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Canada threatens trade war over EU oil-sands ban

Symbolic attempt to ban oil-sands crude from Europe sparks trans-Atlantic war of words

The Canadian government has threatened to retaliate over plans by the EU to ban imports of oil-sands crude into Europe. A bill containing a controversial fuel-quality directive (FQD) aimed at curbing oil sands imports will be presented to the European parliament for a vote later this year.

Canada lobbied hard to have the provisions removed, but reports suggest the EU will move ahead with the measures even as Canadian government officials threatened a World Trade Organization (WTO) challenge. Energy minister Joe Oliver – in Washington this week, ostensibly to talk about the proposed Keystone XL pipeline – told reporters Canada “won’t hesitate” to defend its economic interests against such a ban.

What exports to Europe?

The move is largely symbolic, because no oil-sands crude is exported from Canada to the EU (98.5% of Candian first-quarter oil exports went to the US, according to the National Energy Board). But it comes at a particularly sensitive time for Canadian industry and government officials, who are eagerly awaiting the outcome of the US government’s Keystone XL hearings.

Keystone XL, which would ship almost 1 million barrels a day from Canada’s oil sands to US Gulf coast refineries, is also being blamed for increasing US reliance on higher-carbon fuels.

It’s also unclear what effect the directive will have on trade talks. Canada and the EU are negotiating a comprehensive economic and trade agreement, with the next round scheduled for this month. The EU imported about €20 billion ($19 billion) worth of Canadian goods in 2010, while its exports to Canada were worth about €26.6 billion.

Under the EU proposal, Canadian oil-sands crude would be assigned almost 30% higher carbon values than conventional crude, although some studies suggest full-cycle greenhouse-gas (GHG) emissions are only 7% higher. In addition, the punitive measures fail to account for emissions-intensity reductions of almost 40% per barrel of oil sands produced between 1990 and 2006, according to Alberta government statistics.

Alberta is the only jurisdiction in North America that taxes carbon emissions and redistributes the funds into research and development projects. Despite successive budget deficits, Alberta’s taxpayers have committed more than C$2 billion ($1.9 billion) in public funds for carbon capture and storage projects aimed at reducing GHG emissions – the largest single outlay by any government in North America and possibly the world.

Negative international attention

But still the oil sands continue to receive enormous amounts of negative international attention, a source of exasperation for many public and government officials in Canada. Despite a barrage of attack from US activist groups, such as Corporate Ethics, the overwhelming majority of Canadians support responsible oil-sands development, according to polls commissioned by the Canadian Association of Petroleum Producers (Capp).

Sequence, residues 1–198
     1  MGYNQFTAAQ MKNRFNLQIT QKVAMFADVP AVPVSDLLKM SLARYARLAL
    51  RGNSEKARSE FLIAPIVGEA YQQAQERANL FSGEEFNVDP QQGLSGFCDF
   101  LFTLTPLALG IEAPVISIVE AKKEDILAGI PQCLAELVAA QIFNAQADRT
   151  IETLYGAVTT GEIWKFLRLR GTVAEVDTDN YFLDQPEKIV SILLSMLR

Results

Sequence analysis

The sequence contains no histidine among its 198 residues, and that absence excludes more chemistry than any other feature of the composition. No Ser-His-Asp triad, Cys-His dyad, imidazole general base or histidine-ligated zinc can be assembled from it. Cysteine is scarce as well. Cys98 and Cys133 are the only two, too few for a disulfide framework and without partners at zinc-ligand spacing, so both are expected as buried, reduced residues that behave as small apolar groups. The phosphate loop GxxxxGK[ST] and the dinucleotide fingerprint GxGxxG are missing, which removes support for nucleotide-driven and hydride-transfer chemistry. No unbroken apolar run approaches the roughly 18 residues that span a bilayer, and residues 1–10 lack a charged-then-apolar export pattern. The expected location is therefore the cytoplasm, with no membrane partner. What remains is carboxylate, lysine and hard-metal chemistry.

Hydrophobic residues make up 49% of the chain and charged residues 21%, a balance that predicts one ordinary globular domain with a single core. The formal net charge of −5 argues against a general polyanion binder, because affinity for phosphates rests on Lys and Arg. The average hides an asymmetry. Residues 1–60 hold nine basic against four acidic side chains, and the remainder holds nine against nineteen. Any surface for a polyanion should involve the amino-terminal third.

"The concern for us is one of principle and precedent,” said Capp oil sands vice-president Greg Stringham, who insists his group isn’t against carbon standards. “But they should not be based on the principle of discrimination. It's important because it could set a precedent on which other countries may build their policies."

Speaking to reporters in Edmonton following her selection as premier of Alberta, Alison Redford said she disagreed with the EU decision and that Alberta will continue to lobby against it. "What we're seeing right now is an international climate that feels it must deal with public pressure around those issues. It is not the right decision. It is not the right way to deal with the issues.”

Fracking fears

It’s not even clear if the FQD will come to pass. It still has several hurdles to overcome, the least of which is objection from EU member states over provisions for hydraulic fracturing, which would receive even harsher treatment than oil sands. Several EU states, including Poland and the UK, are uncovering large shale-gas resources and it will be difficult for the EU to find unanimity on the issue.

There’s also a new-found love affair in Canada with all things British. Since the royal visit by Prince William and the Duchess of Cambridge earlier this year, Canada has been almost inexplicably keen to reinvigorate its colonial ties. The federal government restored the Royal title to the Canadian Air Force, which will be known as the RCAF for the first time since the post-war era – and prime minister Stephen Harper is gaining a reputation as an avid monarchist.

Harper has been cosying up with his UK counterpart, David Cameron, who was warmly welcomed in a recent state visit to Ottawa. Oil sands were reportedly on the agenda and specifically the EU bill. Cameron has previously expressed opposition to including oil sands in the FQD and is considered an ally in Europe.

That’s probably why the normally mild-mannered Canucks are growing testy over constant criticism of their environmental record. Even the tar-sand description has become a pejorative term used by activists to irritate the industry, especially in Alberta, and it’s had the desired effect. The EU claims it has sent a message. The message has been received; now it’s become a war of words.

Why the fuss, in the absence of any real economic impact? A WTO challenge solves little, precisely because so little is at stake. Even with a favourable ruling, the nominal value of Canadian oil-sands exports to the EU remains zero and is likely to stay that way for decades to come.

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